Atiku Abubakar seems to be the favorite among Muslims in the Northeast with potential to expand its reach to other parts of the Muslim North. His problem is that because he has always been liberal, cosmopolitan and not bound by religion, he does not excite northern Muslims who define their identity in religious terms.
This is precisely why he was more popular in the South (and in the Christian North) than in the Muslim North. But Peter Obi stole his thunder from his old electoral base, and that was the basis of a joke I saw on social media that says Atiku has all the votes he needs to be in the bag. president in 2023 – except Obi has the bag.
Obi appears to have a vote lock in the South East, South South and predominantly Christian states like Benue, Plateau and even Taraba. Christians in southern Kaduna and southern Kebbi seem more favorably disposed towards him than they are towards any other candidate. The main challenge to her popularity in the South East is that she may not translate to high voter turnout in light of the ongoing violence and threats of violence from the IPOB.
Muslims in the center-north and northwest appear to be the only uncommitted and persuasive electoral bloc, as they have no sentimental investment in any of the three main presidential candidates. They can swing in any direction.
Because Obi imposes himself, even imperceptibly, in these regions where he was hitherto unknown, we have to recognize that he is no longer the outsider he once was. In order to avoid a repeat of Buhari, critical citizens should ask Obi tough and introspective questions because he could be president.
For example, why did he allow the ASUU branch of Anambra State University to go on strike for more than six months and even go so far as to fire the Vice Chancellor of the school “because of his alleged romance with the university strikers” according to the daily sun January 19, 2011. How is he different from Buhari in this respect?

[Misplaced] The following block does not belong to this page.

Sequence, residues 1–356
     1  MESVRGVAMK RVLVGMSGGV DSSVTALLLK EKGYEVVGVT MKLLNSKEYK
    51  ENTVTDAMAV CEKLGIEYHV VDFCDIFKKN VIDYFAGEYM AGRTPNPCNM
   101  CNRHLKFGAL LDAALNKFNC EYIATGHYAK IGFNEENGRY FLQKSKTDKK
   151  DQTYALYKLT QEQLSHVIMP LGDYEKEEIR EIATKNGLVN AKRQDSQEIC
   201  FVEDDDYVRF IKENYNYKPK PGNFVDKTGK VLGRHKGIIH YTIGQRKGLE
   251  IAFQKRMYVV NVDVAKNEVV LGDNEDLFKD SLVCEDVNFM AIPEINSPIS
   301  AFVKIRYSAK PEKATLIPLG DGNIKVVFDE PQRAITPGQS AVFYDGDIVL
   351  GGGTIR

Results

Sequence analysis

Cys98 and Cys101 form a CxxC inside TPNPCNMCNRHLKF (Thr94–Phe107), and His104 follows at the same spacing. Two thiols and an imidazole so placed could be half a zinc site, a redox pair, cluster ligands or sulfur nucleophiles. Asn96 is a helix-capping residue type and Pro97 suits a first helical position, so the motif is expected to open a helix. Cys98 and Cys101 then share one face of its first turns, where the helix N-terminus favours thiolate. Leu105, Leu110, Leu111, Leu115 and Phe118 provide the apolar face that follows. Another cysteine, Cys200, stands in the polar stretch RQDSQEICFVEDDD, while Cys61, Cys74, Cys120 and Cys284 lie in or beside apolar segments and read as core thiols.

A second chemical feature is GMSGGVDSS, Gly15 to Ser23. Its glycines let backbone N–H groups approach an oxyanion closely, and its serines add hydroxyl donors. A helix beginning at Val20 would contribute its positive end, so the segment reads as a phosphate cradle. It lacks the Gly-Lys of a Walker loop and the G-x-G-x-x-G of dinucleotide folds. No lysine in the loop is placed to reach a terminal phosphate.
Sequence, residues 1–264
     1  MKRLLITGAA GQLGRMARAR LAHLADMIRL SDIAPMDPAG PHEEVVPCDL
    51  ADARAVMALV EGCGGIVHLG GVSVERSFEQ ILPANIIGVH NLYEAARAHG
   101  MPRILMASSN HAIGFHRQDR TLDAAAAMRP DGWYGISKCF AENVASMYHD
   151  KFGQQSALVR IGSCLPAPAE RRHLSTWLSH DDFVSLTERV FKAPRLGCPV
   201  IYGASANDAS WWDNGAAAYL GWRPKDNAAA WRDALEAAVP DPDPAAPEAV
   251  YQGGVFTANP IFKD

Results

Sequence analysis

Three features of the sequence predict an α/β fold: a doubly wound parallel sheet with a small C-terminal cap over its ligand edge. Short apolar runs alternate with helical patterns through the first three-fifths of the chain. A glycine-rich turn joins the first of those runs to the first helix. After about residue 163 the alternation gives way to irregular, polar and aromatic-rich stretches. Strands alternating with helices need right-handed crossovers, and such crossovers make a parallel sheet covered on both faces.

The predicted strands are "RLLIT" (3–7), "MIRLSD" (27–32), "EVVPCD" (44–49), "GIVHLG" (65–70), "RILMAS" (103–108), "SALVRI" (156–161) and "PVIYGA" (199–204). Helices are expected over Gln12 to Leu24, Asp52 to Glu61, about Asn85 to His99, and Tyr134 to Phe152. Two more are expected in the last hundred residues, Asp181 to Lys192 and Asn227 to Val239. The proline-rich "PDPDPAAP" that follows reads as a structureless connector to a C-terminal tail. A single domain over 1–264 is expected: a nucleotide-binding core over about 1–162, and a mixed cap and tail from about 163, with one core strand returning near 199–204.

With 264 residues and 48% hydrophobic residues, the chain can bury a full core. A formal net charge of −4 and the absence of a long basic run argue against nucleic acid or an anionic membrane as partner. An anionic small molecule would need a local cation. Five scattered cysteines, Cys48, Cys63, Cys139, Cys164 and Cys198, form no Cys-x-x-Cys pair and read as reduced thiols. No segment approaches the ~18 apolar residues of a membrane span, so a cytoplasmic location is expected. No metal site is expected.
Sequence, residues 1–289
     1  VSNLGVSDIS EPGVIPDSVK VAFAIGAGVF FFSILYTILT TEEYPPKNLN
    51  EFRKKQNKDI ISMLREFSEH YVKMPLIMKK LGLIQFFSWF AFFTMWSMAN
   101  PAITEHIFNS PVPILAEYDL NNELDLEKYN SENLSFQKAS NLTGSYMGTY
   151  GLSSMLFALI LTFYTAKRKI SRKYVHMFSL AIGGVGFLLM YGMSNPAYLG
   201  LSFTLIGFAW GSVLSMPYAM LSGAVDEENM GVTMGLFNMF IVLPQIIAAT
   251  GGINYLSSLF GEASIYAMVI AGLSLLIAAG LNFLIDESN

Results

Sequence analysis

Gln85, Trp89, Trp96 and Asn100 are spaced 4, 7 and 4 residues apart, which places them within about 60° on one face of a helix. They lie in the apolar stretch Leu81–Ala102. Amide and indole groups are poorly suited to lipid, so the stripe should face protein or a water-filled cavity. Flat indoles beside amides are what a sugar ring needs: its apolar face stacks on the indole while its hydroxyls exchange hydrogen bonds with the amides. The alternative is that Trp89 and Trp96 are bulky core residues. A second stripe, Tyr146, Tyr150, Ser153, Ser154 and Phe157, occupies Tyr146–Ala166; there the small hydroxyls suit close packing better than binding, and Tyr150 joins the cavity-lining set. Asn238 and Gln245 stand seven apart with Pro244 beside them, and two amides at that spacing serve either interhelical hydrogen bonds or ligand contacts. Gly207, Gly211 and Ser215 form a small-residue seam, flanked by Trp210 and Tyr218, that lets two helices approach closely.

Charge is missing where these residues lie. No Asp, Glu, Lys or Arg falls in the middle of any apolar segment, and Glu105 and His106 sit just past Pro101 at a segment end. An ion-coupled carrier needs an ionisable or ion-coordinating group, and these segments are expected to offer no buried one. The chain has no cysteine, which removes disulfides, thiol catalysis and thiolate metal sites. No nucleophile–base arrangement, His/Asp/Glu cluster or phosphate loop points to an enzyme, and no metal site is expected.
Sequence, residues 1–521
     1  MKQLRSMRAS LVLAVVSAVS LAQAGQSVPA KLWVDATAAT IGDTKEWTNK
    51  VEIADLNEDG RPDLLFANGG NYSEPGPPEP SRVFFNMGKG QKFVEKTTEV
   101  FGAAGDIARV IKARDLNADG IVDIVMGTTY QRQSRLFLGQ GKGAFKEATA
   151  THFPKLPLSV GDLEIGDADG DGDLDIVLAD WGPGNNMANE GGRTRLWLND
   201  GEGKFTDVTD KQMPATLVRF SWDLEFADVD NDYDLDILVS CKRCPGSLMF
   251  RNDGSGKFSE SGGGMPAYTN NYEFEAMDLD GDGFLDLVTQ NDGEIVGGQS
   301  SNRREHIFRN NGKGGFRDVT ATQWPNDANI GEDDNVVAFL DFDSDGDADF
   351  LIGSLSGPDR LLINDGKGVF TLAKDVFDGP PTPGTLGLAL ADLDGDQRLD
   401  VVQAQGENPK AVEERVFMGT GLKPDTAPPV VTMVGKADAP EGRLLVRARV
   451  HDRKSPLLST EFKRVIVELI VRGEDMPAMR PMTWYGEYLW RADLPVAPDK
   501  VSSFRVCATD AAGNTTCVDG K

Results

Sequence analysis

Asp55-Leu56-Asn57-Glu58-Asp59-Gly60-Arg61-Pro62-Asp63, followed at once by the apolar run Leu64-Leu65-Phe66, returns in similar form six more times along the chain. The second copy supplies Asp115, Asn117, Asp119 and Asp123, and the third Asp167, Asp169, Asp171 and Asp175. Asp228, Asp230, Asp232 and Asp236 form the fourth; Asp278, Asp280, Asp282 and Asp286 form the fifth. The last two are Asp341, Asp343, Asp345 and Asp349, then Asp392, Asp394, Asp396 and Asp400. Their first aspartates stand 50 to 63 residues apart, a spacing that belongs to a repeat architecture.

Why did he allow doctors in Anambra State to go on strike for 13 months resulting in many unnecessary deaths? The doctors called off their strike without Obi responding to their demands. And he implemented the “no work, no pay” rule when Anambra officials went on strike to demand to be paid minimum wage.
While serving as Governor of Anambra, he played typical Nigerian divide-and-rule politics. He played Catholics against Anglicans and even stigmatized political opponents by calling them “Yoruba”, according to Professor Okey Ndibe who has written extensively about him.
“It is equally appalling that a governor with ambitions for higher political office could not help but denigrate Mr. Ngige as a Yoruba candidate,” Ndibe wrote in his April 18, 2011 column. titled “Peter Obi, Akunyili and Political Madness.” “Even if we accepted the stupid argument that the ACN was a Yoruba party – so what? Is the governor allergic to forming political alliances with the Yoruba? Is he not aware that such calls for Low ethnic feelings would come back to haunt him if he ever seeks to be a political player at the national level?
It was prophetic. It doesn’t make Obi any worse than his opponents. But because he could be president, we should question him so as not to be caught off guard.